Yesterday, my sister-in-law took me out to the Edwin B. Forsythe National Wildlife Refuge. https://www.fws.gov/refuge/edwin_b_forsythe/
I had never heard of this place. And despite growing up in New York, not too terribly far away, I really never knew that the southern New Jersey coast was a series of barrier islands and a huge swath of wetlands.
The Forsythe National Wildlife Refuge is a huge preserve, more than 47,000 acres of coastal habitat and wetlands, protected and managed for wildlife. It was established in 1939, and expanded in 1967 to include the Barnegat region, though the entire area was renamed in 1984 after the late Congressman Edwin B. Forstythe.
This region is mostly salt marsh - low, flat, muddy marshes where fresh water washes down from the mainland, and saltwater comes in from the bays and canals that separate the mainland and the barrier islands. Which means the water level changes with the tides.
Several varieties of grasses and flowers have adapted to the half-fresh-half-saltwater environment. Fish swim in and out, there are turtles, and muskrats, beavers, all kinds of woodland creatures, and of course wonderful birds.
The refuge has several hiking trails through the woods, but it was a hot day and this is the season of the green-head flies. Which are the local biting horse fly. Yeah, we skipped the hiking trails.
The alternative is an eight mile drive out along causeways that link a couple of tiny islands, and surround much of the water in this small section. There are a few places to stop and walk along a boardwalk over the marsh, to look at birds and turtles and fish, as well as the plants growing in this special environment.
There are also places to just pull over and watch the birds.
Plus a lookout tower to climb, with wonderful views of the seabirds who live here, and come to dive for fish or forage along the beaches and mudflats.
The drive is marked by signs that are in the shape of flying geese, which correspond to various places of interest on the map. Turtle Cove, the lookout tower, the boardwalk, the inner pool, and so on. I just really liked the sign's shape!
Best of all, there are platforms for nesting peregrine falcons and osprey! These large birds of prey, especially the osprey, build gigantic nests and lay a couple of eggs. We thought perhaps the platforms help prevent muskrats from finding and eating the eggs or very young birds. There were very few trees in the salt marsh, so the park rangers have built these platforms for the birds.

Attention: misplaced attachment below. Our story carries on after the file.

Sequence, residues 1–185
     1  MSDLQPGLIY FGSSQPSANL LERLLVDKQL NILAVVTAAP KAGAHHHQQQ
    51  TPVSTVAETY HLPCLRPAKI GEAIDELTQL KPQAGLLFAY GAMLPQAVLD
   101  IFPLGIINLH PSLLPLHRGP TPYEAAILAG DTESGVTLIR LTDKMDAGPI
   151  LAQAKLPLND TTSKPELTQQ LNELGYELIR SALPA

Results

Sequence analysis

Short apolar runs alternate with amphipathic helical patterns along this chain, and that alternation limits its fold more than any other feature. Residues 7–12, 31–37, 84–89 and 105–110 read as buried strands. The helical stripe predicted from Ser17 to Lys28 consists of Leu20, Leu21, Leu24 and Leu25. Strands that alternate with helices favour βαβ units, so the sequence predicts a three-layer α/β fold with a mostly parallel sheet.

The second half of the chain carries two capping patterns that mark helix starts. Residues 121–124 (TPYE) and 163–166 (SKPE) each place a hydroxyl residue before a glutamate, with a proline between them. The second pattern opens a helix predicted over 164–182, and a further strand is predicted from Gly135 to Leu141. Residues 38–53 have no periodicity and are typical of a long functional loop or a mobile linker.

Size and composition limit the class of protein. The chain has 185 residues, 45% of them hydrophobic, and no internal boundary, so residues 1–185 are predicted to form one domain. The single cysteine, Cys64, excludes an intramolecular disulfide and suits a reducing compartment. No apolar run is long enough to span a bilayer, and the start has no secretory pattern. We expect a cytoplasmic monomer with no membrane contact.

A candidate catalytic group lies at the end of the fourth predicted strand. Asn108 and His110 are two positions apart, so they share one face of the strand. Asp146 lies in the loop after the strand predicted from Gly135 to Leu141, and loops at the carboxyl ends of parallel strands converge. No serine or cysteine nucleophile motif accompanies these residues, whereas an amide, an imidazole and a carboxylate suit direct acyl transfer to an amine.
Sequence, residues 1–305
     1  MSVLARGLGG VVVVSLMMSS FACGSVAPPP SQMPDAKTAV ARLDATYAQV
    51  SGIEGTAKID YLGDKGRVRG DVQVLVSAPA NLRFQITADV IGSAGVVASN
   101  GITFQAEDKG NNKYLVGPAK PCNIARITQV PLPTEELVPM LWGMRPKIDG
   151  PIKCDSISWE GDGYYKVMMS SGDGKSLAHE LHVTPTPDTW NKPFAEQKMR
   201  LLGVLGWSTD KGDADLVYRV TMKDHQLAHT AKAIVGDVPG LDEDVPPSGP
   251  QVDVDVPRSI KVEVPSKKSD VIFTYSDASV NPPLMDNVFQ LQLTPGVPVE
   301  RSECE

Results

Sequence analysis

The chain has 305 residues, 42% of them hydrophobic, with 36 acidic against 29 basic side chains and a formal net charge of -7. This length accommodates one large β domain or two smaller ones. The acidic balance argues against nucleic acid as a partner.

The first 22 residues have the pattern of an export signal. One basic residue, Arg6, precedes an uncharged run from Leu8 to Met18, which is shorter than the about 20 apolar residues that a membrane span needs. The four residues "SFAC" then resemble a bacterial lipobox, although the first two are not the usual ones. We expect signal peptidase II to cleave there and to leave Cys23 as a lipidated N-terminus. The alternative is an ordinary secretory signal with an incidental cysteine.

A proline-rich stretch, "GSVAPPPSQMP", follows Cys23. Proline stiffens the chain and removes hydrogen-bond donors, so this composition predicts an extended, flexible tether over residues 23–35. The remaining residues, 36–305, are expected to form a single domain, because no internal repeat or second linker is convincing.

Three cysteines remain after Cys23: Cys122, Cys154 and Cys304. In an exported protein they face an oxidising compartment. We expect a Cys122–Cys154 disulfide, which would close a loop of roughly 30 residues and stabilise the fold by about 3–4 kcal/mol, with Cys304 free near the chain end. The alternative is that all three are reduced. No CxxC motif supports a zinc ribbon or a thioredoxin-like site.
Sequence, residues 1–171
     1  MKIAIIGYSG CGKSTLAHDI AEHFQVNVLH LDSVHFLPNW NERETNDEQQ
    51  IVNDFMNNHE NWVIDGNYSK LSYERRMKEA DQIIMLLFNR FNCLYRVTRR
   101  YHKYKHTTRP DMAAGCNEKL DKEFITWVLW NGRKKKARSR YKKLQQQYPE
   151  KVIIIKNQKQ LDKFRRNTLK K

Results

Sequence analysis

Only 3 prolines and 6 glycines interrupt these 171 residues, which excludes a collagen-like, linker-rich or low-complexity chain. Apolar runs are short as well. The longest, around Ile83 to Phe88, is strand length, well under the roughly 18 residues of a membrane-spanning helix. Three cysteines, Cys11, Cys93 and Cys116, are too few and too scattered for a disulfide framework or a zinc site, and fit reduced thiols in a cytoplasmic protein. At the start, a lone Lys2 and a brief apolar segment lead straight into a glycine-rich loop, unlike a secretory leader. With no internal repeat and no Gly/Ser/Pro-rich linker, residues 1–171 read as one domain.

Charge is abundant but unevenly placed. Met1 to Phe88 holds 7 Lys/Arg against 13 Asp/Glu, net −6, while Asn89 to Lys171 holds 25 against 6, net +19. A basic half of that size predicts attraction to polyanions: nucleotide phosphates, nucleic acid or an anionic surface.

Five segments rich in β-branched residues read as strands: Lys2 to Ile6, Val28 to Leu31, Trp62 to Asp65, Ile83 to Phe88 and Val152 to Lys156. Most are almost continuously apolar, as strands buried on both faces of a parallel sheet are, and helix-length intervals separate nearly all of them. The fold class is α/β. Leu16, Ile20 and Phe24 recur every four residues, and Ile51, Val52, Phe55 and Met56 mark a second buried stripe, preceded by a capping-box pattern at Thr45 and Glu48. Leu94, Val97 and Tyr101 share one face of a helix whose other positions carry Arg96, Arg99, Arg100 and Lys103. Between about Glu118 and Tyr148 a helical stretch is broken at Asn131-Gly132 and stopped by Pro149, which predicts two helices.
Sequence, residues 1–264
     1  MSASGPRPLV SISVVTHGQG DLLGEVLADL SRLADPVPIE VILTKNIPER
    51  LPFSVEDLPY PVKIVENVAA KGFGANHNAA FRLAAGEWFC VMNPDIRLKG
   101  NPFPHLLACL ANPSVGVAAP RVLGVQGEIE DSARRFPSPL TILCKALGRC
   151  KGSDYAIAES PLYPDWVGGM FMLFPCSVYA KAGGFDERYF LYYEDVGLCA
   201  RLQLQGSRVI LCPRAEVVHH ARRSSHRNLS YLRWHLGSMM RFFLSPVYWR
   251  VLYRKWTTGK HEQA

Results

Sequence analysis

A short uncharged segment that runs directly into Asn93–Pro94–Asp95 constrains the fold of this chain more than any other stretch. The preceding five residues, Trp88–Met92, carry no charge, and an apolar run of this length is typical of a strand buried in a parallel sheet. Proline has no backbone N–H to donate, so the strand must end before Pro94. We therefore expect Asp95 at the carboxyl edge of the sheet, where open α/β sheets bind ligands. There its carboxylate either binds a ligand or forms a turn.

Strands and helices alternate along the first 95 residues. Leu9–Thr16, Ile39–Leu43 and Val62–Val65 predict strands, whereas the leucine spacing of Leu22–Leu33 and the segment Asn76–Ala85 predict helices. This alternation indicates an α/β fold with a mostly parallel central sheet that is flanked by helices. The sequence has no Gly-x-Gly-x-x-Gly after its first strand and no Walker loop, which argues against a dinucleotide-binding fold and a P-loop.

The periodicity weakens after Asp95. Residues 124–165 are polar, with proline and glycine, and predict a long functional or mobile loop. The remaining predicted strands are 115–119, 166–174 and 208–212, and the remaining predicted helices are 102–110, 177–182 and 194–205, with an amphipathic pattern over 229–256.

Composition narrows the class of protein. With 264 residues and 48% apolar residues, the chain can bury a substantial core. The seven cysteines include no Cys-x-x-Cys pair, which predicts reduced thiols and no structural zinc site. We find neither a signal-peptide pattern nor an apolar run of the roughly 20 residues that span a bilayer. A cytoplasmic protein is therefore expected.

It was so interesting! We drove slowly, stopping constantly to walk around, watch the birds, climb the tower, take photos. I think my favorite were the families of osprey, especially this one with a young osprey looking as if he's testing his wings and thinking about flying. Mom or dad osprey was sitting on a post nearby, waiting to see if junior was ready to take the plunge. Junior never did. Just balanced on the side of the nest, looking like a young child standing on the high dive platform and rethinking the wisdom of this move.
We saw a variety of hawks. All kinds of seagulls, which are remarkably noisy and argumentative. Barn swallows and tree swallows swooping over the grasses and water, hopefully eating all the mosquitoes and flies. Stately and majestic egrets and herons, flapping their huge wings leisurely or walking around on their stilts of legs, looking for dinner. Plus a few glossy ibis flew by, dark and shiny, with their signature long curving beaks. (I had no idea we had ibis in this part of the world!)
There are occasional bald eagles, but we didn't see any. Or swans, who migrate through. We did see Canada geese, ducks, and cormorants paddling around in the water.
It was wonderful! Quiet and tranquil, inhabited solely by all these wonderful birds, and large expanses of just water and grasses and pink flowers. (And that's Atlantic City on the island in the distance, on the other side of the bay.) We had a fabulous time!
It was sunny, but the breeze from the bay and the ocean beyond made it comfortable, and kept the insects away. The fact that we saw so many nesting osprey was incredible, especially since they are still considered an endangered or threatened species. They seem to have made a remarkable comeback, at least here at this refuge.
If you ever get to New Jersey, this is definitely a place to visit!!!